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TK Carsites: Dealers Guide to Automotive Social Media

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TK Carsites: Dealers Guide to Automotive Social Media

TK Carsites: Dealers Guide to Automotive Social Media

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  • 1. A TK Carsites White Paper 800.899.7791 TKCarsites.com The Dealers’ Guide to Automotive Social Media in 2011 By JD Rucker Director of New Media 1-25-2010
  • 2. Contents Introduction Social media has reached a tipping point inIntroduction 3 2011 that all but requires 80% or more ofThe Social Media Mindset 4 North American car…Facebook Techniques 6Twitter Techniques 8 The Social Media MindsetVideo and Blogging 10 Before learning techniques, you must enterSummary 12 into a social media mindset. Being active and… Facebook Techniques Having the right Facebook strategy requires more than just getting “likes” to your… Twitter Techniques Turning Twitter into a 2-way conversation rather than a megaphone is challenging… • Twitter as a Conversation Finder Twitter is an entry point into conversations. You don’t need to have a ton… • Twitter as a Conversation Starter This part is easy. Take what you learned in the previous Facebook section and… Video and Blogging The biggest challenge that car dealers face when engaging in social… Summary Social media done wrong can be more of a detriment to your business than a benefit. Putting together a basic strategy…TK Carsites: The Dealers’ Guide to Automotive Social Media in 2011 Page 2
  • 3. IntroductionSocial media has reached a tipping point in 2011 that all but requires 80% or more ofNorth American car dealers to take social media seriously and establish or enhance theirplan. With 600 million users on Facebook, 200 million users on Twitter, and…… we’ve all seen the stats and they seem impressive, but they’re just numbers.The stats shouldn’t scare you. They also shouldn’t encourage you. Most “gurus” preachthe sheer bulk of the social networks but few offer any assistance that can produce atangible return on investment, both of money and time.This White Paper is not designed to convince you of the importance of social media. It’snot going to offer “out of the box” advice using flowery terms such as “engagement” or“community.”What you are about to read is geared towards car dealers with the goals of selling morevehicles, improving fixed ops business, and creating a strong online reputation. It ispractical advice that will not preach the benefits of social media. Instead, it will seed theapplication of proven practices, techniques, and tips that are relevant in automotive socialmedia for 2011.Many of these practices will be obsolete by 2012. Some will change earlier than that. It’sthe innovative nature of social media that makes it a constantly moving target.If you’re using 2010 strategies, you’re probably not doing it right.You will be, soon. JD Rucker Director of New Media TK CarsitesTK Carsites: The Dealers’ Guide to Automotive Social Media in 2011 Page 3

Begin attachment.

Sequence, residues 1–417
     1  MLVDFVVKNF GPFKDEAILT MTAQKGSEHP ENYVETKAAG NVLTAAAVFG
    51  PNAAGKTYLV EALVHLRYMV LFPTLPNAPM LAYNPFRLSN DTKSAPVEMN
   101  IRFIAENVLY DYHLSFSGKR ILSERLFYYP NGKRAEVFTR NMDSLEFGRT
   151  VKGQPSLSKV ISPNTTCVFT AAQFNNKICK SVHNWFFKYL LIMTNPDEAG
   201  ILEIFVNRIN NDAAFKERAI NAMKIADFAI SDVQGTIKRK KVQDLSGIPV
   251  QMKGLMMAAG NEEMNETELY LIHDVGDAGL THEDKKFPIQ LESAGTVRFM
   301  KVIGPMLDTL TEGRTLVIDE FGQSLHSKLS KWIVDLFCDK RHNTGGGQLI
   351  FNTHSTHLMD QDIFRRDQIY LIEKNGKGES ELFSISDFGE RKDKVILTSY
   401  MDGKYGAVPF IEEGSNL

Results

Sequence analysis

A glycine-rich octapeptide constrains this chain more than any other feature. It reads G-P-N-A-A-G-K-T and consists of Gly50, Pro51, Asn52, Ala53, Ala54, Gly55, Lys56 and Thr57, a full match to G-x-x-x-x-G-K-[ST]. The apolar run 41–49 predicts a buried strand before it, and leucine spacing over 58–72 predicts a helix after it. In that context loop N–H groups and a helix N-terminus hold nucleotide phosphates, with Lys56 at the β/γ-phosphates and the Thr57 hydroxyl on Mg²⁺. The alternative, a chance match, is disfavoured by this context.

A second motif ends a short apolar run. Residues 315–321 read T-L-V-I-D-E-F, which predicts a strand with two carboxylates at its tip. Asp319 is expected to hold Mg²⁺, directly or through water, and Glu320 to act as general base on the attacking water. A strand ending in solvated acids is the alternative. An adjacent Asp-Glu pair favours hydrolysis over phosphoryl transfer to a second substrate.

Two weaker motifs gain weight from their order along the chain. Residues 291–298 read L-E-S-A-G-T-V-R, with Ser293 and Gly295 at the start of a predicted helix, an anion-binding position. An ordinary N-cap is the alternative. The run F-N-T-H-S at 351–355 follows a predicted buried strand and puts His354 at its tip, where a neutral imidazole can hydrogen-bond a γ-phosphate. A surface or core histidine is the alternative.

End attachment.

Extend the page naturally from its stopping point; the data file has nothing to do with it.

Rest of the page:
• 4. The Social Media MindsetBefore learning techniques, you must enter into a social media mindset. Being active andinvolved in social networks currently is not necessarily the only thing that you’ll need toenter into the right mindset. You’ll have to step away from the selling part of business tounderstand the best way to sell on social media.We’ll go into more details shortly about the specific differences between a ConvertingMessage and a Conversational Message, but for now understand that convertingmessages lead social media contacts (Twitter followers, Facebook likes, Blog readers,etc.) to a page or location where they are intended to become a conversion. Everythingelse is a conversational message. • The data for this graph came from 5 different dealership case studies. • The size of the ball represents the number of conversions that the dealership received. • The vertical axis is the percentage of converting messages – the higher the ball, the more often they asked their social media contacts to visit a lead form, landing page, or other locations for conversion. • The horizontal axis is the number of social media updates the dealership posted in a month.The Dealers’ Guide to Automotive Social Media in 2011 Page 4